Revised December 2013
This year’s Monitoring the Future Survey of drug use and attitudes among American 8th, 10th, and 12th graders continues to provide generally encouraging news, with many forms of drug use holding steady at low levels among the nation’s adolescents; however, concerns persist over the softening of attitudes around some types of drug use, particularly decreases in perceived harm and disapproval of marijuana use and perceived harm of non-medical use of prescription medications such as Vicodin, OxyContin and Adderall.
The Good News
- Cigarette smoking continues to drop and is currently at its lowest rate in the survey’s history. One-year declines were seen in lifetime and past-month use among 10th graders, and all prevalence periods have seen a continued trend of decreasing cigarette use. For example, there were significant 5-year drops in lifetime, current (past-month), and daily cigarette use among all grades. Current use was reported by 9.1% of 10th graders, down from 12.3% in 2008 and from 10.8% last year. Eighth and 12th graders also saw a drop from 2008 to 2013, from 6.8 to 4.5% for 8th graders and from 20.4% to 16.3% for 12th graders reporting past-month use. Although there were no increases between 2012 and 2013, it appears that marijuana use continues to exceed cigarette use in these students. In 2013, 22.7% of high school seniors used marijuana in the past 30 days compared with 16.3% who smoked cigarettes.
- Likewise, 5-year trends continue to show significant decreases in alcohol use among all grades and across nearly all prevalence periods. For example, from 2008 to 2013, current use of alcohol declined from 15.9% to 10.2% among 8th graders, from 28.8% to 25.7% among 10th graders, and from 43.1% to 39.2% among 12th graders. From 2012 to 2013, decreases were observed in binge use of alcohol (defined as five or more drinks in a row in the last 2 weeks) among 10th graders, with a 5-year trend showing a significant decrease in all three grades.
- Overall, the use of most illicit drugs either remained steady or declined from 2012 to 2013. For instance, past-year use of synthetic marijuana (also known as K2 or “Spice”) among high school seniors sharply decreased, from 11.3% in 2012 to 7.9% in 2013. Another harmful synthetic drug, bath salts (synthetic stimulants), was added to the survey last year; perceived risk of harm of using bath salts increased substantially among 12th graders, with 59.5% now saying they think someone who tries bath salts once or twice risks harming themselves (physically or in other ways), as compared with 33.2% giving the same response the previous year.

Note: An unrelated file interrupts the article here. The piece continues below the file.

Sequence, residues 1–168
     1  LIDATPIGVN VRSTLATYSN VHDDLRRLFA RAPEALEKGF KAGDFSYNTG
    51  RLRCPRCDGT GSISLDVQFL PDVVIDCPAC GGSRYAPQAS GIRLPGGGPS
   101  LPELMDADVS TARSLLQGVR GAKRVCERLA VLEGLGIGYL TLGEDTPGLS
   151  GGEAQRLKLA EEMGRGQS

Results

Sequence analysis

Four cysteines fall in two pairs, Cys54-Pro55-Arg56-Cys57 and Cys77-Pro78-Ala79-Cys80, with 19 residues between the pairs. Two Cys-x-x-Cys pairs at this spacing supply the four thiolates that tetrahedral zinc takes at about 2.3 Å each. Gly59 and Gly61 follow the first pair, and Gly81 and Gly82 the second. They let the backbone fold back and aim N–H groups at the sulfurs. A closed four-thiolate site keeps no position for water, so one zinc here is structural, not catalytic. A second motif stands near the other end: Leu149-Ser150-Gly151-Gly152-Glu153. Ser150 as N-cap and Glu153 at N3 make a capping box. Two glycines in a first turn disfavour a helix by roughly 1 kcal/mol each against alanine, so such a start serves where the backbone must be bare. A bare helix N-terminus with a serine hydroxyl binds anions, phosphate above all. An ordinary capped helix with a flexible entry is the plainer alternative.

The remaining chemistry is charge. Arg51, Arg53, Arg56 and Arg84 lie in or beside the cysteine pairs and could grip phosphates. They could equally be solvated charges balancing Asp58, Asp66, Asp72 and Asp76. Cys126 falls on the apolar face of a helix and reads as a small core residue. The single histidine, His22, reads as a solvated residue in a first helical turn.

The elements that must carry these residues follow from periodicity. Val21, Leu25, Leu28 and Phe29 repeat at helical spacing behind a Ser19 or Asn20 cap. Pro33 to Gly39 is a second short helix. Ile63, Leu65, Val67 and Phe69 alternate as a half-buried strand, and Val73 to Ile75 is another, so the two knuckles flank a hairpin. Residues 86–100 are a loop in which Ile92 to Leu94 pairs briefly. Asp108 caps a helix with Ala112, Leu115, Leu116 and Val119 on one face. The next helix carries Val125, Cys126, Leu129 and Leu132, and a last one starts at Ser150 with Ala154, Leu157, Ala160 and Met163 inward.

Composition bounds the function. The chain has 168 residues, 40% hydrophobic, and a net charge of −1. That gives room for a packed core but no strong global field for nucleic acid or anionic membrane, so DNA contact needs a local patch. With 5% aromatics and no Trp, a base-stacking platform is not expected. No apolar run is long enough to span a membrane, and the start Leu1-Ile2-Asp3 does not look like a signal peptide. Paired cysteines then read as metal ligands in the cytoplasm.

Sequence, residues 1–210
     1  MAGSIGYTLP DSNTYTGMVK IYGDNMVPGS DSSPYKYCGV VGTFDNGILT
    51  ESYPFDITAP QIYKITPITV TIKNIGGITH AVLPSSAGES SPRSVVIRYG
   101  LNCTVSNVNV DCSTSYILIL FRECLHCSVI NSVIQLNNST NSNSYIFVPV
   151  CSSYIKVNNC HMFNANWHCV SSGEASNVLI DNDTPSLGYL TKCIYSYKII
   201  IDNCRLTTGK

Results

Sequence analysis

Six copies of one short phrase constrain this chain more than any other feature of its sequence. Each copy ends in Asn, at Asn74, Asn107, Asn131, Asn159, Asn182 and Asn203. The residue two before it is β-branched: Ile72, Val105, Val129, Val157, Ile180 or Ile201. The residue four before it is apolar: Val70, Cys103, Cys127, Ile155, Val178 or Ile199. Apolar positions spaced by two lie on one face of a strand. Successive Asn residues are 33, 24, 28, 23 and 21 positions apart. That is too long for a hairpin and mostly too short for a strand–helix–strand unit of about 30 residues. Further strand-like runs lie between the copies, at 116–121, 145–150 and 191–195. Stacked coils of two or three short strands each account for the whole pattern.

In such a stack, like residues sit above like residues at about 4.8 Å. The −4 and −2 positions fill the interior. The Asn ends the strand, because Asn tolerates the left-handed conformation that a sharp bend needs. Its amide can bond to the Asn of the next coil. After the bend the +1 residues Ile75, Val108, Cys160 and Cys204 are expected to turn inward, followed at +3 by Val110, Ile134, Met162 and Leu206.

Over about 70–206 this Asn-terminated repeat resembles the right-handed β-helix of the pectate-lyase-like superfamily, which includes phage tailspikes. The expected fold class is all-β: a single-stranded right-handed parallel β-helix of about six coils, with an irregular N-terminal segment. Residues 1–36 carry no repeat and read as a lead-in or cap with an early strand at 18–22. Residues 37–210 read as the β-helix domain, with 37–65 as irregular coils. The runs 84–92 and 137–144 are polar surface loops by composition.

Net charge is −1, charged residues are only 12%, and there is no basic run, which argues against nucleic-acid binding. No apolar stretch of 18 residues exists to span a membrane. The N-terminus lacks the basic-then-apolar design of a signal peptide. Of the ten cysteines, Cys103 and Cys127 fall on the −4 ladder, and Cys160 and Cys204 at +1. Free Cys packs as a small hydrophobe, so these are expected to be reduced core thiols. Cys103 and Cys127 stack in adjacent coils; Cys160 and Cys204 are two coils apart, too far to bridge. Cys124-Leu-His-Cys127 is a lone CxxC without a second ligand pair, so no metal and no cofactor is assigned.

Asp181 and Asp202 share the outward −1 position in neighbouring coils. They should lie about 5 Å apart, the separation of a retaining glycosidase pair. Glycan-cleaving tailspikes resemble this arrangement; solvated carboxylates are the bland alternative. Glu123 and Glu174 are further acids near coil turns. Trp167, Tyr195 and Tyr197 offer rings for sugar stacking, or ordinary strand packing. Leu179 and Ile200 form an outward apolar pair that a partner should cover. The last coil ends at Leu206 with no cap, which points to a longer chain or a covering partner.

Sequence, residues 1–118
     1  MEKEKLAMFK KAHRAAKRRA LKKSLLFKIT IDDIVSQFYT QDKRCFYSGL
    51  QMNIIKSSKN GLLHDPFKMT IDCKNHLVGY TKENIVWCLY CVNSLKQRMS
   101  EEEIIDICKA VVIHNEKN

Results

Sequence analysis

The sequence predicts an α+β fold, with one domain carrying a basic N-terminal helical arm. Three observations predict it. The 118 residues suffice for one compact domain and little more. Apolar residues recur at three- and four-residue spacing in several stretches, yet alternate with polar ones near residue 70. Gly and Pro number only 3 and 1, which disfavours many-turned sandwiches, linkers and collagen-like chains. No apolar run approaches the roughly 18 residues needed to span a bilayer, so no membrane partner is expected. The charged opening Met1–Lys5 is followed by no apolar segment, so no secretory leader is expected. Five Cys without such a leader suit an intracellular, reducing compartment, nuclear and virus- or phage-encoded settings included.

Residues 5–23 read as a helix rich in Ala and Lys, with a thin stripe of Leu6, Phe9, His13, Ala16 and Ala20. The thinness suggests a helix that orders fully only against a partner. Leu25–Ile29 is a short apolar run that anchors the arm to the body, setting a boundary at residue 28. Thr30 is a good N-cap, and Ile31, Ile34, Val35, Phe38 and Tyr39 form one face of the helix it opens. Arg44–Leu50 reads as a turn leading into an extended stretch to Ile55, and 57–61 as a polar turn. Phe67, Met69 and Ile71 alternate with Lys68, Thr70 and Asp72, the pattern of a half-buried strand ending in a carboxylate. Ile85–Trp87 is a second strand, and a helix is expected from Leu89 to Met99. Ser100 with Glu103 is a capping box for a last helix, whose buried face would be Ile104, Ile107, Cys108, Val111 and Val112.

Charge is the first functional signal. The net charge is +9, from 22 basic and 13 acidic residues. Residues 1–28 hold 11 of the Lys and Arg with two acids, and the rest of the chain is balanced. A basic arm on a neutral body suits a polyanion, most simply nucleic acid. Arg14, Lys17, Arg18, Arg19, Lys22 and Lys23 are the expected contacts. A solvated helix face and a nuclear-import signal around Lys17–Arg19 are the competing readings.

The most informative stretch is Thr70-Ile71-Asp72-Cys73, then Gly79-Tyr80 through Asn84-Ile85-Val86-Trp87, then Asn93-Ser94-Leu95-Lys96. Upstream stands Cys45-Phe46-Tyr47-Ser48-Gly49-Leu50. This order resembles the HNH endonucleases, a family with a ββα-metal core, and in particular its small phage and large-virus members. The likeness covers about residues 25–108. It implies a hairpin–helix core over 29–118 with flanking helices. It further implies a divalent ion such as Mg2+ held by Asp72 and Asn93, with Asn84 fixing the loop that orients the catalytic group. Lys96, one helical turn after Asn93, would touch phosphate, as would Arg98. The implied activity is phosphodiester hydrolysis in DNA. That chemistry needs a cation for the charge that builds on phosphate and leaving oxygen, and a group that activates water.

- This year’s survey continues to show a long-term drop in past-year nonmedical use of prescription medications. Use of the pain reliever Vicodin has decreased among all grades; among high school seniors, it dropped from 7.5% in 2012 to 5.3% in 2013. OxyContin, another pain reliever, also showed a long-term drop in use among 12th graders, from 4.7% in 2008 to 3.6% in 2013.
- Lastly, use of inhalants is at its lowest levels in the history of the survey, among all grades and across nearly all prevalence periods. Among 8th graders, for whom inhalant use has always been most prevalent, past-year use dropped to an all-time low of 5.2% in 2013.
Areas of Concern
- Five-year trends are showing significant increases in past-year and past-month (current) marijuana use across all three grades as well as increases in lifetime and daily marijuana use among 10th graders. From 2008 to 2013, past-month use increased from 5.8% to 7.0% among 8th graders, 13.8% to 18.0% among 10th graders, and from 19.4% to 22.7% among 12th graders. These increases continue to parallel softening attitudes about the perceived risk of harm and disapproval associated with marijuana use.
- Since 2010, the survey has captured the use of tobacco products other than cigarettes, such as use of hookahs to smoke tobacco, among high school seniors. Past-year hookah use has increased among 12th graders to 21.4%—the highest rate since 2010, when the survey started capturing this type of tobacco use.
- The increased abuse of prescription stimulants is also a cause for concern. The percentage of 12th graders reporting past-year nonmedical use of amphetamines rose from 6.8% in 2008 to 8.7% in 2013. Current use among 12th graders also increased from 2.9% in 2008 to 4.1% in 2013.
- Changing attitudes toward substance abuse often precede changes in reported use. Although use of Vicodin has declined, so has perception of harm among teens. In 2013, perceived risk of harm of trying Vicodin occasionally declined in 8th graders, from 29.4% to 26.2% and 10th graders, from 40.3% to 36% in 2013. This could indicate that use could begin to rise again in future years.
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